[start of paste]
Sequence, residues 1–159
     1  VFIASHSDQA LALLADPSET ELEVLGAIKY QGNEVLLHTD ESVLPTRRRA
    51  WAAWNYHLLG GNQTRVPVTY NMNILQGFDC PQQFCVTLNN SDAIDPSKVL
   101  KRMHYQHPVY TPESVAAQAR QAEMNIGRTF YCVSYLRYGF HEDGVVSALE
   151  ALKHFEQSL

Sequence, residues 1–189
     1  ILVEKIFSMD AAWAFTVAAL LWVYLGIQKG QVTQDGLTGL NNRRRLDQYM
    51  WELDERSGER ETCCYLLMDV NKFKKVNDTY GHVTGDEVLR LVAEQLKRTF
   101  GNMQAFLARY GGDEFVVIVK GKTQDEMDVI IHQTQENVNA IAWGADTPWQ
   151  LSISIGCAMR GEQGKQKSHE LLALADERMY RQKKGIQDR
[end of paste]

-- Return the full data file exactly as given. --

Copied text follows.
Sequence, residues 1–159
     1  VFIASHSDQA LALLADPSET ELEVLGAIKY QGNEVLLHTD ESVLPTRRRA
    51  WAAWNYHLLG GNQTRVPVTY NMNILQGFDC PQQFCVTLNN SDAIDPSKVL
   101  KRMHYQHPVY TPESVAAQAR QAEMNIGRTF YCVSYLRYGF HEDGVVSALE
   151  ALKHFEQSL

Sequence, residues 1–189
     1  ILVEKIFSMD AAWAFTVAAL LWVYLGIQKG QVTQDGLTGL NNRRRLDQYM
    51  WELDERSGER ETCCYLLMDV NKFKKVNDTY GHVTGDEVLR LVAEQLKRTF
   101  GNMQAFLARY GGDEFVVIVK GKTQDEMDVI IHQTQENVNA IAWGADTPWQ
   151  LSISIGCAMR GEQGKQKSHE LLALADERMY RQKKGIQDR